The Forum on Education Abroad announced the selection of two SFS students, Wesley Hauser and Erin Emmons, as joint recipients of one of two 2014 Undergraduate Research Awards, which recognize excellence in academic work completed by students as part of an education abroad program. Hauser and Emmons’s research, conducted collaboratively during the fall 2013 semester abroad with The School for Field Studies (SFS) in Queensland, Australia, was judged by faculty from Forum member institutions to be among “the best examples of the highest quality academic achievements of undergraduates studying abroad.”
Wesley Hauser, a senior at Wabash College in Crawfordsville, Indiana, and Erin Emmons, a senior at the College of the Holy Cross in Worcester, Massachusetts, collaborated on “Putting Lumholtz’s Tree-Kangaroo on the Map: Using Present Distribution to Assess Habitat Requirements and Identify Areas for Further Surveys.” This research also earned them SFS’s bi-annual Distinguished Student Research Awards in February for academic excellence and for reinforcing the research agenda of The SFS Center for Rainforest Studies in Australia.
“The Lumholtz’s Tree-Kangaroo is among the most beloved animals in Australia,” said SFS President Jim Cramer. “We are proud that Erin and Wes are being recognized for contributing vital information to the conservation of this endangered species.”
The Forum selected among projects that encompassed a wide variety of fields, demonstrating that international learning informs many academic disciplines. Forum President and CEO Brian Whalen said that “this year the selection committee had a difficult task to select the winners from the over 35 nominations received. These student winners are clearly deserving, and represent the very best of what we want our students to achieve through education abroad.”
“Wes and Erin are mature, very focused and organized students,” noted Wesley and Erin’s faculty advisor, Dr. Sigrid Heise-Pavlov, SFS Professor in Rainforest Ecology. “Based on their enthusiasm to tackle challenges, their persistent work on research projects, their skills to manage and solve problems, their ability to reason and critical thinking, and to effectively collaborate, I fully support their nomination for the Forum on Education Abroad’s Undergraduate Research Award. Both students are very suitable candidates for a future career in scientific research.”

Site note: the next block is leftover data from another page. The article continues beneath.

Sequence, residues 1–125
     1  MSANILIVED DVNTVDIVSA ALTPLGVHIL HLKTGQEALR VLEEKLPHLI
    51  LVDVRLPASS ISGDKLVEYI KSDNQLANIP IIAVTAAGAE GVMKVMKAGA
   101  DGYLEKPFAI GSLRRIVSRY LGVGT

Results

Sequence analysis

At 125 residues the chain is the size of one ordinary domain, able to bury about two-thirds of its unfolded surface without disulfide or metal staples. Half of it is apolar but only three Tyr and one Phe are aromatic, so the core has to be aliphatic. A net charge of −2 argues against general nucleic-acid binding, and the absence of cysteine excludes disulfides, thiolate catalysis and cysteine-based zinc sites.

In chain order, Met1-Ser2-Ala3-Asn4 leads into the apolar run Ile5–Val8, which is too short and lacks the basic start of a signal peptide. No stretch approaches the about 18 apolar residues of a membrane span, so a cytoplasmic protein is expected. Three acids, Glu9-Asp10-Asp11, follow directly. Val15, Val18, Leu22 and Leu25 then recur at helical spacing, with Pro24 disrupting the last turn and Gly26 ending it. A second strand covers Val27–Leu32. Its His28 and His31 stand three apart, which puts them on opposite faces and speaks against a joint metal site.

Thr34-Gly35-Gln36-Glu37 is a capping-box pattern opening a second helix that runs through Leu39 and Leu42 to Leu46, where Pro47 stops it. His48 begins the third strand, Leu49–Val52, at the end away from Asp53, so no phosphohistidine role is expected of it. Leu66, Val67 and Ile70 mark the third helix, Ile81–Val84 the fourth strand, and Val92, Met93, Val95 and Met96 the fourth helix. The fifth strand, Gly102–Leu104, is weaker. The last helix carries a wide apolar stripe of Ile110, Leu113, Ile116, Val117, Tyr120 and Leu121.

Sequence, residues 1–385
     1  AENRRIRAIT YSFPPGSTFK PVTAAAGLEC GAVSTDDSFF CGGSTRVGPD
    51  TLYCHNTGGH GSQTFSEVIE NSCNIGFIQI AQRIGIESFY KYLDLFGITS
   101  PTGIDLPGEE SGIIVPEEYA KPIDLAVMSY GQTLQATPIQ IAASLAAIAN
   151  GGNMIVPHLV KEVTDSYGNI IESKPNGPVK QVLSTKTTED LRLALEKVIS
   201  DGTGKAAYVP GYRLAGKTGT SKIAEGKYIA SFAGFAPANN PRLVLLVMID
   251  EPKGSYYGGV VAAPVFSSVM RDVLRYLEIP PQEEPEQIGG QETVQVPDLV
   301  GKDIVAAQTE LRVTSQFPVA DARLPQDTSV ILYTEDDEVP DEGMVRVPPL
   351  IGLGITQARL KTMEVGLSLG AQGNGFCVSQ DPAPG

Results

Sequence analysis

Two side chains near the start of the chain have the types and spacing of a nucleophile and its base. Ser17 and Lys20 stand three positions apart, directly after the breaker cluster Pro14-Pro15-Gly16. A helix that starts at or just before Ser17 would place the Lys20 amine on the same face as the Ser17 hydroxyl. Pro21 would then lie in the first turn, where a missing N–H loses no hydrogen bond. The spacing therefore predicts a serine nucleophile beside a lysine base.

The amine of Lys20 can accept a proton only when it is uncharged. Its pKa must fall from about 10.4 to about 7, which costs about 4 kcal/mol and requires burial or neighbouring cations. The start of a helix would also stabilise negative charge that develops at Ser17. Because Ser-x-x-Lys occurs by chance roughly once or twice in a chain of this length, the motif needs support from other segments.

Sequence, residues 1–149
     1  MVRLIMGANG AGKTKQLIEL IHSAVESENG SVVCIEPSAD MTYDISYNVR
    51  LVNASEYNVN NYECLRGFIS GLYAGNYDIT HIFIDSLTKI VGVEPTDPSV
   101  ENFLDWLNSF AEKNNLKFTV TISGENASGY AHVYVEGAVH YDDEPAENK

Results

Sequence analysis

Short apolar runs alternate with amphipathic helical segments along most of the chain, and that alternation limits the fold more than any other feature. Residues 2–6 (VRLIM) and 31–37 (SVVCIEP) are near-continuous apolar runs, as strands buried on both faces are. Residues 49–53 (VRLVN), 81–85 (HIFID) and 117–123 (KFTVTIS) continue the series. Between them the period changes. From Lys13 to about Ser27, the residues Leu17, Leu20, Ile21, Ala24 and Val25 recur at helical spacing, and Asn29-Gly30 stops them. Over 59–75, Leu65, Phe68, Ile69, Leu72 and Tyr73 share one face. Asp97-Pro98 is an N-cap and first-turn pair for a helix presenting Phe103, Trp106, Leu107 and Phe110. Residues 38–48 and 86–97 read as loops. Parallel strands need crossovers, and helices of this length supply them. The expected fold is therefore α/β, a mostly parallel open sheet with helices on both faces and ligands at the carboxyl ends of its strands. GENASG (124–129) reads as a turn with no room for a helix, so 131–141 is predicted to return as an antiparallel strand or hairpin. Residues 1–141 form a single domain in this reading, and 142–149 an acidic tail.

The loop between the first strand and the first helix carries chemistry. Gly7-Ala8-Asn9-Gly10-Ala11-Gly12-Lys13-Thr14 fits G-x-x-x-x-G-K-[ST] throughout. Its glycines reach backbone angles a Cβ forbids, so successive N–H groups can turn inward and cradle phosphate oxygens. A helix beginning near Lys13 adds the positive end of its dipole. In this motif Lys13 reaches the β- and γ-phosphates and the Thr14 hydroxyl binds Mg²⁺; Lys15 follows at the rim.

Upon being notified of winning the award, Erin wrote, “I am extremely honored to receive this prestigious award. From the beginning, Wes and I conducted our research under the overarching goal of making an impact on conservation of the Lumholtz’s Tree-Kangaroo. It is incredible to be recognized by the Forum, and to have the opportunity to present at the Forum’s Annual Conference, which will enable us to share information about the species and the implications of our findings in hopes of contributing to conservation efforts on a scale that we never could have imagined.”
Wesley added, “The powers of collaboration, diligence, and community engagement all come into play over the course of my international research experience, and ultimately, I believe these characteristics are necessary for understanding and addressing complex issues. I couldn’t be happier that the Forum on Education Abroad recognizes the collective value of these traits and for the opportunity to share my work again in the future.” .
For more information, visit: forumea.org/resources/outcomes/undergraduate-research-award
Erin and Wesley presented their research to on March 27, 2015 at a plenary luncheon attended by more than 1,400 international education professionals which is a highlight of the Forum’s 11th Annual Conference in New Orleans, Louisiana.